• Pongal is a harvest festival predominantly celebrated in the southern Indian state of Tamil Nadu.
  • The festival extends for four days and is dedicated to the Sun god.
  • Pongal usually takes place from the 13th to the 16th of January, and it coincides with the Tamil month of Thai.
  • The term "Pongal" refers both to the festival and the dish prepared during the celebrations.

Celebrations and Customs:

  • Bhogi Pongal: The first day involves the disposal of old belongings, and a bonfire is lit to mark the destruction of the old and the beginning of the new.
  • Thai Pongal: The main day is dedicated to boiling the newly harvested rice with milk and jaggery, symbolizing abundance and prosperity. The dish is then offered to the Sun god.
  • Maattu Pongal: This day is dedicated to cattle, and they are adorned with flowers and worshipped.
  • Kaanum Pongal: The final day involves visiting friends and family, and offerings are made to birds.

Summary of the regional variations

  • Andhra Pradesh and Telangana:
    • Four-day celebration: Bhogi, Sankranti, Kanuma, Mukkanuma.
    • Rituals include decorating homes with Muggu (geometric patterns) and offering Ariselu, a traditional sweet dish, to the god Surya.
  • Assam:
    • Celebrates Magh Bihu, marking the end of the harvesting season.
    • Features feasts, bonfires, and traditional Assamese games like tekeli bhonga and buffalo fighting.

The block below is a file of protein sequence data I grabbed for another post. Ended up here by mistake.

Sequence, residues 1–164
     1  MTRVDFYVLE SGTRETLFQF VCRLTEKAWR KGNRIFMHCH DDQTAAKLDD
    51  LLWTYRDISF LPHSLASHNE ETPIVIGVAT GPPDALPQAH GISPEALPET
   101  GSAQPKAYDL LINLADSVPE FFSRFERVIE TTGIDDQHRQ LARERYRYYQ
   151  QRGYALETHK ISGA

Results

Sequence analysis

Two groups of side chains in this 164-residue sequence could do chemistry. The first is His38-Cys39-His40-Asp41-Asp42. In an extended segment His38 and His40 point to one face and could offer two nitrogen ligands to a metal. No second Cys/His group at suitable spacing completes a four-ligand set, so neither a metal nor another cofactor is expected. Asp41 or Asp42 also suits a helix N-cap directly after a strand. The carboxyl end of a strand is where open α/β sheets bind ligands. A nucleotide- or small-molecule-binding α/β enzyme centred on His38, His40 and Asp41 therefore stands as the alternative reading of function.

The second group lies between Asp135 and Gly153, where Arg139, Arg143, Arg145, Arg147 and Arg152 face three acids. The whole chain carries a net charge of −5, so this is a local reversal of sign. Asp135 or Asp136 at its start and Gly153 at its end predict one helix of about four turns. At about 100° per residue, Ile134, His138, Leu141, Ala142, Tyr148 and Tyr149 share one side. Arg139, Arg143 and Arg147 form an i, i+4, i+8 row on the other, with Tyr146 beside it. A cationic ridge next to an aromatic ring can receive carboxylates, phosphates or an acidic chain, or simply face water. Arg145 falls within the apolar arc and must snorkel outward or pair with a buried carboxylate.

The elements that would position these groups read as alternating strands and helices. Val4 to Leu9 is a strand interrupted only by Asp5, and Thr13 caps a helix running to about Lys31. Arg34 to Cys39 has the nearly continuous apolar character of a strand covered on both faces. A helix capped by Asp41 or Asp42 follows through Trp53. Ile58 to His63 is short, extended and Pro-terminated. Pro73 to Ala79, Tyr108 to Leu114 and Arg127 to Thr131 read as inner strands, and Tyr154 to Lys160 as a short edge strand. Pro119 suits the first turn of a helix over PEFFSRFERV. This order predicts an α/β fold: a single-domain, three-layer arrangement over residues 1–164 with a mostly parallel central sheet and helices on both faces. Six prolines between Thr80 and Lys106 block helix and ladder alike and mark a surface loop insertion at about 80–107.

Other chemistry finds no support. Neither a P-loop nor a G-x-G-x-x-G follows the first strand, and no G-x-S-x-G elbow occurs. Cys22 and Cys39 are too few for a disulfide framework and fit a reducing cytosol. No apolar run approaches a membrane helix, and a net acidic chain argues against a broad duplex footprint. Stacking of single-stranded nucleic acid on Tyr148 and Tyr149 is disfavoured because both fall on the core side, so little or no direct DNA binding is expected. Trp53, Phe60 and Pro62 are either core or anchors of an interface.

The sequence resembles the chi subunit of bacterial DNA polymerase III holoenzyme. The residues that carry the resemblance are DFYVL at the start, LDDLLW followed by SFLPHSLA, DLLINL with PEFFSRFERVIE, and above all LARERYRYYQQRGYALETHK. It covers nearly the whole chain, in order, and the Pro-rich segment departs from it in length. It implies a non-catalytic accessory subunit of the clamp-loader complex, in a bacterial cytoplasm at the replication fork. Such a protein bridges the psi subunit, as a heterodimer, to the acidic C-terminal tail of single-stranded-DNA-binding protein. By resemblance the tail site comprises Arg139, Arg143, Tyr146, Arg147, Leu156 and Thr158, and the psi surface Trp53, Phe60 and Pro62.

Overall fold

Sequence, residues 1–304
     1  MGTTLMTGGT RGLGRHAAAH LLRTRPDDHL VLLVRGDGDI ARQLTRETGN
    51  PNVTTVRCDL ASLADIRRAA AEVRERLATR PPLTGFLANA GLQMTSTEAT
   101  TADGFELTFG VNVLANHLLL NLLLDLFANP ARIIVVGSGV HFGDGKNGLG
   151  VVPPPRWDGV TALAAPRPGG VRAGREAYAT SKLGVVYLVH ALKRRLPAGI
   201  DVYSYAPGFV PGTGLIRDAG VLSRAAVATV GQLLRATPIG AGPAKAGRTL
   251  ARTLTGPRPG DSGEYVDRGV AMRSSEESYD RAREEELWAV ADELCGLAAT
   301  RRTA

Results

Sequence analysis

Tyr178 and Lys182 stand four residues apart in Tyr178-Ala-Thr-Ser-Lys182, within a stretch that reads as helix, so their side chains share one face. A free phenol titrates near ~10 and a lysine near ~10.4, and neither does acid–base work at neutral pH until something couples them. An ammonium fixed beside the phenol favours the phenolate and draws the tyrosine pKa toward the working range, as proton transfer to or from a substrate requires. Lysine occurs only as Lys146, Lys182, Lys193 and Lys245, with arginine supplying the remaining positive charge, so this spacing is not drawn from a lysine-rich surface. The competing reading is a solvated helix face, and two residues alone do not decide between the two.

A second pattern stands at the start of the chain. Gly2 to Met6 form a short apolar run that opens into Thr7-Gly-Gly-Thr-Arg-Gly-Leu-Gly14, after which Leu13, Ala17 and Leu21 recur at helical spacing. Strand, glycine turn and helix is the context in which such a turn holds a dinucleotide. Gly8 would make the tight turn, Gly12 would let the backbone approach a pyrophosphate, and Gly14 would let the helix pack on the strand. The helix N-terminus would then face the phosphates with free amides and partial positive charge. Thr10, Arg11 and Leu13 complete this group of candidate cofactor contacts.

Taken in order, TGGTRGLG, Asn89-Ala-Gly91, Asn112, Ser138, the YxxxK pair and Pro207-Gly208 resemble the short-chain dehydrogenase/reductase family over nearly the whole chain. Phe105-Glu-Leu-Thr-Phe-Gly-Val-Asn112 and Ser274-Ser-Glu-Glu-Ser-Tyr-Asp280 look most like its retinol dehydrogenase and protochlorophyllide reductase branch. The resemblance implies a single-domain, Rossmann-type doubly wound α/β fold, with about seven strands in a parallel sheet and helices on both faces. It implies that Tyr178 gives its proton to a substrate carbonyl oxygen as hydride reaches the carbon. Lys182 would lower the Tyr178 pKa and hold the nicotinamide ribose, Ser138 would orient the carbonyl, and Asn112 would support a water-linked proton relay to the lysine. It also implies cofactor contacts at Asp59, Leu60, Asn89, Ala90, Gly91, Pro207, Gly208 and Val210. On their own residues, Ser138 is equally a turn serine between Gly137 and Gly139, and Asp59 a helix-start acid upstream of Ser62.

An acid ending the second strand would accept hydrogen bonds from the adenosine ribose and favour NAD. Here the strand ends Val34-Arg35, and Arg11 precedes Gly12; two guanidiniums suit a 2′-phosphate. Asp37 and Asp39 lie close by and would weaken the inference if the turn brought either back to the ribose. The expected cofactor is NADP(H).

• Bihar:
    • Known as Sakraat or Khichdi.
    • People eat Dahi and Chura (flattened rice) and sweets made of sesame seeds and jaggery.
  • Goa:
    • Known as Sankrant.
    • People distribute sugar-coated till pulses, offer pots filled with newly harvested food grains to the deity.
  • Gujarat:
    • Celebrates Uttarayana with a major festival lasting two days.
    • Kite flying is a significant activity, and special dishes like Undhiyu and chikkis are enjoyed.
  • Haryana and Delhi:
    • Celebrates "Sakraant" with ritual purification, holy dips, and traditional Hindu rituals.
    • Involves preparing special dishes like kheer, churma, and distributing til-gud laddoos.
  • Jammu:
    • Celebrated as 'Uttrain,' beginning with Lohri.
    • Tradition of 'Mansana' involves charity of Khichdi of Maah Dal.
    • Holy bath in Devika river and pilgrimages are common.
  • Karnataka:
    • Celebrates Suggi, a harvest festival.